Kidney cancer,also called renal cancer,is one of the most common types of cancer in the UK.
It usually affects adults in their 60s or70s and is rare in people under 50.
It can often be cured if it's caught early. But a cure probably won't be possible if it's not diagnosed until after it has spread beyond the kidney.
There are several types of kidney cancer. These pages focus on the most common type renal cell carcinoma. The Cancer Research UK website has more information about other types of kidney cancer .
This page covers:
In many cases, there are no obvious symptoms at first and kidney cancer may only be picked up during tests carried out for another reason.
If symptoms do occur, they can include:
Some small, slow growing cancers may not need treatment at first.
A cure isn't usually possible if the cancer has spread, although treatment can sometimes help keep it under control. Some people become ill quickly, but others may live for several years and feel well despite their cancer.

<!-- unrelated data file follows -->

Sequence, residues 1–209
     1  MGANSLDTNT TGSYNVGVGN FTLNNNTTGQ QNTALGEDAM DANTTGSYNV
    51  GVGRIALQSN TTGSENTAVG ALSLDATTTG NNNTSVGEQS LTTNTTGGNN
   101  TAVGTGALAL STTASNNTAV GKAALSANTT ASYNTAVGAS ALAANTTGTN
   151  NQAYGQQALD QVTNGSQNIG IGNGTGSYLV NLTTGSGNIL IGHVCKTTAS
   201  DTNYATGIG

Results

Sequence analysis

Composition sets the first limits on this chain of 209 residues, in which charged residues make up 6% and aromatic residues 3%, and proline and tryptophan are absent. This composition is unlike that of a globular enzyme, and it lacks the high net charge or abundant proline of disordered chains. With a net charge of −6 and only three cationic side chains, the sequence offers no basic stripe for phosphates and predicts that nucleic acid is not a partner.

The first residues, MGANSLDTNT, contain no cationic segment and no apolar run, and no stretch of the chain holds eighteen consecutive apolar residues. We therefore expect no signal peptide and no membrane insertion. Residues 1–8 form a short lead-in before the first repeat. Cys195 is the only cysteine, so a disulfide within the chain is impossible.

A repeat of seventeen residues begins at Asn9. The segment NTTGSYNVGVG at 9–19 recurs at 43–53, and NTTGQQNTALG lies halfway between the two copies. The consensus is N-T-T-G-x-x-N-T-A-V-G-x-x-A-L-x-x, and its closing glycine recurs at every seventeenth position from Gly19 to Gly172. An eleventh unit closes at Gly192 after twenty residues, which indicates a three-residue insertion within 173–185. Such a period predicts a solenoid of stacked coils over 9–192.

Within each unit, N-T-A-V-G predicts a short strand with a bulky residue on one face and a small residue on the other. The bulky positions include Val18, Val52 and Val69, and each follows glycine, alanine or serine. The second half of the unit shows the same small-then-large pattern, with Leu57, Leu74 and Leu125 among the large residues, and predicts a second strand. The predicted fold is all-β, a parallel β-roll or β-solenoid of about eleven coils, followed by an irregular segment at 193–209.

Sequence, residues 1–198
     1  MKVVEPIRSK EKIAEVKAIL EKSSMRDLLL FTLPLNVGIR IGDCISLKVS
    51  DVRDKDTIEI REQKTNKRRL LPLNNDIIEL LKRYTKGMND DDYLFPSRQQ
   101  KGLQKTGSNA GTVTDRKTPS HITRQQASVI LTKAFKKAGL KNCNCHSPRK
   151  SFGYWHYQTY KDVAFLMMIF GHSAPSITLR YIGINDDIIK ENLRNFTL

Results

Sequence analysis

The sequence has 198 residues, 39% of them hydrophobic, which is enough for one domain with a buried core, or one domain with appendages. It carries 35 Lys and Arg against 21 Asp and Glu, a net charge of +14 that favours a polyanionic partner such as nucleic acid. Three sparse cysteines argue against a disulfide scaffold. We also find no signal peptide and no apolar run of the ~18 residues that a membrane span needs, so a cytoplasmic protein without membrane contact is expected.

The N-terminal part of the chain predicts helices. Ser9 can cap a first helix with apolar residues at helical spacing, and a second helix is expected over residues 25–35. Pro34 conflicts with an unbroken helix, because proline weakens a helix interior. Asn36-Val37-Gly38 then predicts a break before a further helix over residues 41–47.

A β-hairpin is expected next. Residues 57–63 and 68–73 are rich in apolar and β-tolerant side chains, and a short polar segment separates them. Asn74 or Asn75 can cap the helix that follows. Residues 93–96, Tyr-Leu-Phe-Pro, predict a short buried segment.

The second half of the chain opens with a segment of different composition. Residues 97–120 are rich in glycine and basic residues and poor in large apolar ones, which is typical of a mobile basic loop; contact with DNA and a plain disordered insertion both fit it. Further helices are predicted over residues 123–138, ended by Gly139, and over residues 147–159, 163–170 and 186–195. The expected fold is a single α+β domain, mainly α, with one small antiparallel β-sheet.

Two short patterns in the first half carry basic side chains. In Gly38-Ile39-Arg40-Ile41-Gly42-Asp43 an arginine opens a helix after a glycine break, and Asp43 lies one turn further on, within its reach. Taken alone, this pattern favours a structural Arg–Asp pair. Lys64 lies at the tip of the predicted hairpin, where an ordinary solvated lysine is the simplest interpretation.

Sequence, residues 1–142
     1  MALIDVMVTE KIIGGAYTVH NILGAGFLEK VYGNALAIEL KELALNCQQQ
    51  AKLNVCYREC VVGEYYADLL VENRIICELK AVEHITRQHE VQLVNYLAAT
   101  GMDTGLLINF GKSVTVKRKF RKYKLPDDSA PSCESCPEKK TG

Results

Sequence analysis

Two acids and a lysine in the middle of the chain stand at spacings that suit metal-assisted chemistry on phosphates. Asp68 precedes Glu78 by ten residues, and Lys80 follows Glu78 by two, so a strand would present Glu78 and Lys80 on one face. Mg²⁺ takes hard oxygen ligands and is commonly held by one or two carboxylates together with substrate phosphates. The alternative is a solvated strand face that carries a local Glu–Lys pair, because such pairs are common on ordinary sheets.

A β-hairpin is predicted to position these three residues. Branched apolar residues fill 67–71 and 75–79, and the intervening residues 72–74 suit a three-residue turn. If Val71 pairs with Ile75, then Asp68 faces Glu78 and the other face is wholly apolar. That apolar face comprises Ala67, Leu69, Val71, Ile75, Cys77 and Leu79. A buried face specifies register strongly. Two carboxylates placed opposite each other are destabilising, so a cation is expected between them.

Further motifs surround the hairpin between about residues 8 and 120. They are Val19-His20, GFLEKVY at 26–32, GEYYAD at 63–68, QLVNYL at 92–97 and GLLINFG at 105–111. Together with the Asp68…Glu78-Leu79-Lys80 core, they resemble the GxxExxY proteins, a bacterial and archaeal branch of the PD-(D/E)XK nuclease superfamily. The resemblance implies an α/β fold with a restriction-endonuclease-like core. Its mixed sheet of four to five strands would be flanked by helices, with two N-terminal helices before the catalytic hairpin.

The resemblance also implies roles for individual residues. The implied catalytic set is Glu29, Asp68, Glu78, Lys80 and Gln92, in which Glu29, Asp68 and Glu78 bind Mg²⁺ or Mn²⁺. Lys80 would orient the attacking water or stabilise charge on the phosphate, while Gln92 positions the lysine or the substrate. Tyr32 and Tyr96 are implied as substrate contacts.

Overall, around 7 in every 10 people live at least a year after diagnosis and around 5 in 10 live at least 10 years.
Cancer Research UKhas more information about survival statistics for kidney cancer .
Find out about kidney cancer, including what the symptoms are, how it's treated and what the outlook is.
Find out about the main symptoms of kidney cancer, including blood in your pee and pain in your lower back or side.
See your GP if you have symptoms of kidney cancer . They will do some simple checks and can refer you for further tests if necessary. Your GP may ask you about the symptoms you've been having, etc.
Find out about the main treatments for kidney cancer, including surgery, medication and radiotherapy.
If you've been diagnosed with cancer, your treatment and medical care will probably be the first thing on your mind. But there are other aspects of your life
Caring for someone who's ill can be very demanding due to the broad range of medical, personal and emotional needs they can have.